Pinterest is tapping into the video advertising budgets with a new autoplay format supported by metrics from third-party providers.

Diving into video inventory last year, Pinterest launched a video player, followed by a phase of testing of promoted videos. Autoplay video ads are now open to all advertisers, including those purchasing ads through Pinterest’s self-serve ad-buying tool or its advertising API.

Automatically-played video ads, with the sound turned off by default, will appear in users’ feed and among search results. They can be up to 30 minutes in length and formatted to suit brands, be it square, horizontal or vertical. Advertisers will be billed based on the impressions ads earn, which includes times when a user skips past an ad while scrolling their feed.

Anticipating metrics issues experienced by other platforms launching this type of an ad, the photo-sharing site will work with third-party measurement partners Moat and Nielsen to ensure accurate data.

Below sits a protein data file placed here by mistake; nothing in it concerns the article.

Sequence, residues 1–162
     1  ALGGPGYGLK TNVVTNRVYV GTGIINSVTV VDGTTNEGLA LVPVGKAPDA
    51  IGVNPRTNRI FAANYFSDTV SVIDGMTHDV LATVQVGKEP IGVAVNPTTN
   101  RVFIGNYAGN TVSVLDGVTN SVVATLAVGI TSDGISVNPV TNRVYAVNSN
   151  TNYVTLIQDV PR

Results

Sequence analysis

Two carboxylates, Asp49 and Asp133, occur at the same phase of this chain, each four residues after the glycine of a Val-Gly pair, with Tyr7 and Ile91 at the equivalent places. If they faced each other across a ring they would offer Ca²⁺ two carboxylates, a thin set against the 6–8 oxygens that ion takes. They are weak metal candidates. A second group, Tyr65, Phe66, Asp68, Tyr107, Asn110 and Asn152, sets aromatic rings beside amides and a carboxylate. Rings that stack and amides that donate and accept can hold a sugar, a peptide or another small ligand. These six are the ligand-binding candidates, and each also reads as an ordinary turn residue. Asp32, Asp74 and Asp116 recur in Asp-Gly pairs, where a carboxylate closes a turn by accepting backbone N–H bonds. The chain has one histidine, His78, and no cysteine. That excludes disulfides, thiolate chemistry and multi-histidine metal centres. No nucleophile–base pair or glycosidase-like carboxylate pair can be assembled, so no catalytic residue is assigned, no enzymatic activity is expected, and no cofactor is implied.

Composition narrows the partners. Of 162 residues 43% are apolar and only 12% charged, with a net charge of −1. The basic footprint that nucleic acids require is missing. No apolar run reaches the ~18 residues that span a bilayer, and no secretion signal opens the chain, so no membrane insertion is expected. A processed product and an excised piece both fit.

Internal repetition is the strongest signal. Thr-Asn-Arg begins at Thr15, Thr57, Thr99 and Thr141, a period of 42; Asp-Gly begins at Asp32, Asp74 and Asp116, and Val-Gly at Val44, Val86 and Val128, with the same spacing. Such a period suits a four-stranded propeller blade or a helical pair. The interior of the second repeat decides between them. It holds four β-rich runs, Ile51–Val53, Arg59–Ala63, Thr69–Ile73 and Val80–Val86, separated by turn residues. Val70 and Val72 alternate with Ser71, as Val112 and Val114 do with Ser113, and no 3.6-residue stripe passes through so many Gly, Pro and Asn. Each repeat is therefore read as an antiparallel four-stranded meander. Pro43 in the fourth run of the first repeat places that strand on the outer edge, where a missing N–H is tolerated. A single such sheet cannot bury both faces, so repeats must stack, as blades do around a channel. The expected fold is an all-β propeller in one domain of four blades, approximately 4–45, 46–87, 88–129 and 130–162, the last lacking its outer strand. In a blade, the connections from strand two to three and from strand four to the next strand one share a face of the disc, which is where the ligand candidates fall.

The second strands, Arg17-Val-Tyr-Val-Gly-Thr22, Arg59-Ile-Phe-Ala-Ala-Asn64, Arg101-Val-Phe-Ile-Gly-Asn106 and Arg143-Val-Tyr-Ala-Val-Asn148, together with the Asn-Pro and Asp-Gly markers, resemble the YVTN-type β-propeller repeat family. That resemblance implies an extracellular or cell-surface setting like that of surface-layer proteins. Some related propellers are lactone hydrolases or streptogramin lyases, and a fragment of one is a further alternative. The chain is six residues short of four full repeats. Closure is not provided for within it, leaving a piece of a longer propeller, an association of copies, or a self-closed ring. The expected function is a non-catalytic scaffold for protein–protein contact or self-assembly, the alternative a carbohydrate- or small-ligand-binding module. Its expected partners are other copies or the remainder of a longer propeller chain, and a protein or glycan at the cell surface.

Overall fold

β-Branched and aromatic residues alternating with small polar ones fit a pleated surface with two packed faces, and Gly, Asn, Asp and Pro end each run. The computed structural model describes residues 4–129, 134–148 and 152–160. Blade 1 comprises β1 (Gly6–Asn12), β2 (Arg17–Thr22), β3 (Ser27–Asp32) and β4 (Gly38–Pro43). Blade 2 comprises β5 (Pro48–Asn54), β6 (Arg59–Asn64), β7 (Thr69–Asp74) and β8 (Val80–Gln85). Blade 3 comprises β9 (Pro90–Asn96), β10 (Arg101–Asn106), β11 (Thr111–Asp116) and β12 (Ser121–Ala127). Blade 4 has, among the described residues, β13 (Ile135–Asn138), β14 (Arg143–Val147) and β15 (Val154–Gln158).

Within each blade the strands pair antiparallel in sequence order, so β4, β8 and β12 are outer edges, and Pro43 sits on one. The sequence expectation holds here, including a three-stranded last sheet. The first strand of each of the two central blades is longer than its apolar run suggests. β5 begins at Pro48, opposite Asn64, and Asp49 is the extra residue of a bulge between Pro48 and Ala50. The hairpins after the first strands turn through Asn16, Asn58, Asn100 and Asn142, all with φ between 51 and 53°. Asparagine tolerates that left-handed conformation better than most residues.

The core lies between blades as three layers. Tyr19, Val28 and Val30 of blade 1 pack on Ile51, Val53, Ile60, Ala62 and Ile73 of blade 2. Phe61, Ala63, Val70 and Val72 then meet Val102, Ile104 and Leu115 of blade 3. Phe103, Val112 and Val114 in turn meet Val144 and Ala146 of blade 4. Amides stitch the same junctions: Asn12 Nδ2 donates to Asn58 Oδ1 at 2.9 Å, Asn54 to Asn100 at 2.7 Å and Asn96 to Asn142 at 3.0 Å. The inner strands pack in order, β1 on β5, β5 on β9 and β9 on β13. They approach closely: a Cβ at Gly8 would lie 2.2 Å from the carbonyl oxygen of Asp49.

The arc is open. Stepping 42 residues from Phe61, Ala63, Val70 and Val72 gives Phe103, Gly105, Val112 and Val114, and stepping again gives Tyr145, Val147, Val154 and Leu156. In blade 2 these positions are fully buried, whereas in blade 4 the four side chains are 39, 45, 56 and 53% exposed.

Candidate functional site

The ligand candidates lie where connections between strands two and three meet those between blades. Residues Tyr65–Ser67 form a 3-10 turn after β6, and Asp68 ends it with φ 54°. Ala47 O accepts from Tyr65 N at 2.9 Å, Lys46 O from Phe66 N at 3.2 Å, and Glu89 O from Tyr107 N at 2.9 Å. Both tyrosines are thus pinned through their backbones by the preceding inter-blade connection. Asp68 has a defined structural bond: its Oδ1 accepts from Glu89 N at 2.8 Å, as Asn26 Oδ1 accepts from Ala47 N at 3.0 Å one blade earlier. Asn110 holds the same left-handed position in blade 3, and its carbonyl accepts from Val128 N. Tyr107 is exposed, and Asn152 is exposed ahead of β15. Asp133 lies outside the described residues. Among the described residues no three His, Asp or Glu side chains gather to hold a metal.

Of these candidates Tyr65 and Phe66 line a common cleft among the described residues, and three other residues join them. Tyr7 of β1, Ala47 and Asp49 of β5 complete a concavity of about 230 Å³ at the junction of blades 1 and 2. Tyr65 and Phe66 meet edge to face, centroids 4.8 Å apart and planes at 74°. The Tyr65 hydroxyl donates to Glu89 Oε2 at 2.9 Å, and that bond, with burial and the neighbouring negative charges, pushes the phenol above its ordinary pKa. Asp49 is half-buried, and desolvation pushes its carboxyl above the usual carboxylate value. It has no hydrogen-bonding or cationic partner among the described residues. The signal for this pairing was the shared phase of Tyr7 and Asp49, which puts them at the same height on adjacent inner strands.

A step further

Autoplay isn’t new to social; Facebook, YouTube and Twitter have all tapped into the business.

Sprinklr’s global head of product evangelism, Elizabeth Closmore, highlights that for 67% of people, videos on Pinterest inspire action.

“This shows that there is a genuine and growing appetite for video content among Pinterest users and the launch of promoted video with autoplay is a means to satisfy this demand.”

For marketers, however, video ads pose the issue of measurement. This is why Pinterest teamed up with digital ad search engine Moat and information and measurement company Nielsen which allow marketers to check metrics via third parties.

Adglow’s partner, Damian Routley, believes quality video ads are in “chronic short supply” while third-party measurement remains thin on the ground. He calls Pinterest’s collaboration with the external partners a “welcome addition”.

“Both brands and agencies are challenging us to push this issue with partners so will be relieved that as prominent a channel as Pinterest has opted to work with third party measurement partners to address these concerns head on,” he explained.